Our community suffered greatly last summer from the triple whammy of Red Tide, Lake Okeechobee water releases and blue green algae in the Caloosahatchee River. Our businesses, residents and visitors all were impacted. Our sea life took a huge hit. As a result, we learned to keep our eye on water quality issues and speak up on these issues in order to protect the environmental and economic health of our community.
We watch what the U.S. Army Corps of Engineers does with Lake O water levels, progress on water storage and treatment projects around the lake, Everglades restoration efforts, algae levels on Lake O and Gulf red tide testing results. While we seem to have turned a corner on getting the attention of state and national decision makers, there is much left to do.
We continue to maintain our focus on threats to our water quality, but let’s not lose sight of the fact that right now, we have some pretty gorgeous water.
Get out there and enjoy it! Share it on social media!
If you’ve been out on the Gulf the past few weeks, you’ve seen the beautiful water quality we’ve been enjoying for yourself. A picture is worth a thousand words, so be sure to see the photo in this week’s Water Quality story. We are in a much better place this year in early June than we were last year. Why?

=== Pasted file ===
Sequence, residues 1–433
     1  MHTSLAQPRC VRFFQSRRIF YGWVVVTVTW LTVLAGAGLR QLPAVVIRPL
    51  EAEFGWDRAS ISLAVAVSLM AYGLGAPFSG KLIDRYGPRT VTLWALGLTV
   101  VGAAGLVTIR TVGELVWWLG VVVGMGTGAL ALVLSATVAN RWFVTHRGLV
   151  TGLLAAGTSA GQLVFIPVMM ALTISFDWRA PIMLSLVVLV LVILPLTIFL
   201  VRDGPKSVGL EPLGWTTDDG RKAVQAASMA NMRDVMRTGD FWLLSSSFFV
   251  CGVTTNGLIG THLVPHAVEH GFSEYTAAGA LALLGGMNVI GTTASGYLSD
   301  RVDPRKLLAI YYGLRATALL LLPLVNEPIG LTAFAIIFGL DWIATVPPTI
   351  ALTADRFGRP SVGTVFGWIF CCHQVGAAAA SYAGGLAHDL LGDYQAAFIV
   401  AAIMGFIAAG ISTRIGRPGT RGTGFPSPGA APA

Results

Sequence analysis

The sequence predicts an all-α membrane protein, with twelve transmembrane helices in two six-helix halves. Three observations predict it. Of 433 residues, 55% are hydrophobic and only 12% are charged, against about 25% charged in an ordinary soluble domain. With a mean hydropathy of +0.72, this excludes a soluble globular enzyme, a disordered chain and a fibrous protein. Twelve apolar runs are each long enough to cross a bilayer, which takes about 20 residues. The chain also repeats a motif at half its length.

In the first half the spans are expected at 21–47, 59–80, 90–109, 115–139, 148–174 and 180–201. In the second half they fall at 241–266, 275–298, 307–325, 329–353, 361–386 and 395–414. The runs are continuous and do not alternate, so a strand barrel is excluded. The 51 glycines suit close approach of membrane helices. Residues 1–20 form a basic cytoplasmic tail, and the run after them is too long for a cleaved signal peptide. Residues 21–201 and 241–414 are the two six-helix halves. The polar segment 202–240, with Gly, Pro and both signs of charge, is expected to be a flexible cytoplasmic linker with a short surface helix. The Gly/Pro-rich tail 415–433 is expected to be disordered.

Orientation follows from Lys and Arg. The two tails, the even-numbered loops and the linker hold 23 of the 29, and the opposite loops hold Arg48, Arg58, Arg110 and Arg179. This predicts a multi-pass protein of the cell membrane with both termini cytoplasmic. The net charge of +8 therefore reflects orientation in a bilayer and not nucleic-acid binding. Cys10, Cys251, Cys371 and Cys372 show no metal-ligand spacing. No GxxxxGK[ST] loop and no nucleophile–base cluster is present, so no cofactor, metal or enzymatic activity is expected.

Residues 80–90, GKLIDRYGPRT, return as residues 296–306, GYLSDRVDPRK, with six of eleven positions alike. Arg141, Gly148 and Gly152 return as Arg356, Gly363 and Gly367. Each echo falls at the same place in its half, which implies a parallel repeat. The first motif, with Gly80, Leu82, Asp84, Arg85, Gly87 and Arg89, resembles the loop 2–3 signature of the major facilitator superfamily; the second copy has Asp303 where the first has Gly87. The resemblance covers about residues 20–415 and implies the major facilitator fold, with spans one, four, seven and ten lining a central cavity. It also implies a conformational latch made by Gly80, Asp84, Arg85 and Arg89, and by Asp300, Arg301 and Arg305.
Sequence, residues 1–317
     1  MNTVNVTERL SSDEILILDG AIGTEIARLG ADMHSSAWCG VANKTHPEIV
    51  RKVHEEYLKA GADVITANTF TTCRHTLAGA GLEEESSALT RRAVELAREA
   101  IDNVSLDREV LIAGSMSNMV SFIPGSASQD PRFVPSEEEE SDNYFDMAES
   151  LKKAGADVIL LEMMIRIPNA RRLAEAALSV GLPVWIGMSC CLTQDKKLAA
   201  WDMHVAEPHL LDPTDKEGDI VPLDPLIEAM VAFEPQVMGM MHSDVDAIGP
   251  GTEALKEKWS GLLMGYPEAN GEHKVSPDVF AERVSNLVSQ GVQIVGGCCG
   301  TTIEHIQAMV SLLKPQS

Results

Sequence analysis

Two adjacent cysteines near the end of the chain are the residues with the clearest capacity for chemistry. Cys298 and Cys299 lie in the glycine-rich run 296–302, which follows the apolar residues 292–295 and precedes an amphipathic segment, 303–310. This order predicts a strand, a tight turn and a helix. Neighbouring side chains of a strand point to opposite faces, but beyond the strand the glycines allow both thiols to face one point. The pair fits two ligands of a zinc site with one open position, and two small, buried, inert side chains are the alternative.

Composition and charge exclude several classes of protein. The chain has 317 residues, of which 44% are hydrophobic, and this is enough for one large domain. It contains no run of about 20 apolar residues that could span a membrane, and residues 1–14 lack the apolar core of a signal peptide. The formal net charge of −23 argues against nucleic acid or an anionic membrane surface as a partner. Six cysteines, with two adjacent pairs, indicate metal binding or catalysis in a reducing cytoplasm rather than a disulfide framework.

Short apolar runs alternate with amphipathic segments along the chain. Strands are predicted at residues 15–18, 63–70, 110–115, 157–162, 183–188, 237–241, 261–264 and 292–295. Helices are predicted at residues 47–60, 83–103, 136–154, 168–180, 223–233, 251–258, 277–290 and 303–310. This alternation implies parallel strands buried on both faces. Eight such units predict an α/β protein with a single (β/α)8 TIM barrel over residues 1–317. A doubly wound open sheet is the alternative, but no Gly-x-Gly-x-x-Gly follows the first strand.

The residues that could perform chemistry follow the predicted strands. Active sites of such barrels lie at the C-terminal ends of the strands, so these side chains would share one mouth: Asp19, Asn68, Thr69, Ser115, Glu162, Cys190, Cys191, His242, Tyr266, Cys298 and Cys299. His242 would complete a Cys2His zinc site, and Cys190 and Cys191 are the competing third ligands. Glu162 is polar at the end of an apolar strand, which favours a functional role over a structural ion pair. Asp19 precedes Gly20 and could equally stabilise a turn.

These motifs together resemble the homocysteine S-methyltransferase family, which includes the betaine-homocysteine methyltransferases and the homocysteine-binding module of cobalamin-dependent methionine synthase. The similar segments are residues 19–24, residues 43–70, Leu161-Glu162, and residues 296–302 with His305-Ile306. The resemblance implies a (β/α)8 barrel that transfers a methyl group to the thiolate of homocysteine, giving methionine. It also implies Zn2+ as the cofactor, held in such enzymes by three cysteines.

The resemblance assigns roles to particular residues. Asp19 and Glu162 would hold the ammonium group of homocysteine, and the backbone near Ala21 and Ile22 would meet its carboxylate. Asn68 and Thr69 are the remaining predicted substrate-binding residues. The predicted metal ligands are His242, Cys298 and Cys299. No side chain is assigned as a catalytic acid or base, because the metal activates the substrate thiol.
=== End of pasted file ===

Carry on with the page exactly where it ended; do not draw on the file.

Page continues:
The difference comes down to how much water was released from Lake Okeechobee into the Caloosahatchee River this spring vs. last. The Army Corps has slowly dropped the level of the lake, to give the estuaries a break from the bombardment of algae-filled lake water releases, make room for summer rains and to encourage plant life on the lake bed, a crucial part of the lake’s ecosystem. At one time there was over 40,000 acres of plants. Now there’s only 5,000 acres on the lake bed. Those plants compete with algae for nutrients, help clean lake water and offer habitat for fish. The Army Corps says this is a one-time deal; they will not lower the lake this far next year.
The lake is now low enough that the community around it is complaining about how their economy is affected. Their fishing guides, hotels, businesses and communities are hurting.
We feel their pain. When algae-filled lake water is flushed our way, our businesses suffer too. Our fishing guides, hotels and communities are all hurt when the water is black and our shorelines are filled with dead fish and sea life, which has happened far too often in the past 10 years.
Our economy is just as important as the Lake O economy. Amazingly it has taken years to get that message across. We are not “coastal elites.” We are fishing guides, hotel housekeepers, restaurant servers, just like those around the lake.
Poor water management hurts all of us. We can’t wait until all the projects are done to change how Lake O is managed. We need to find a plan now that balances the needs of ALL communities – the coastal estuaries and the Lake O community.
We are surrounded by beautiful turquoise water right now – an excellent example of what is possible with intelligent, balanced water management.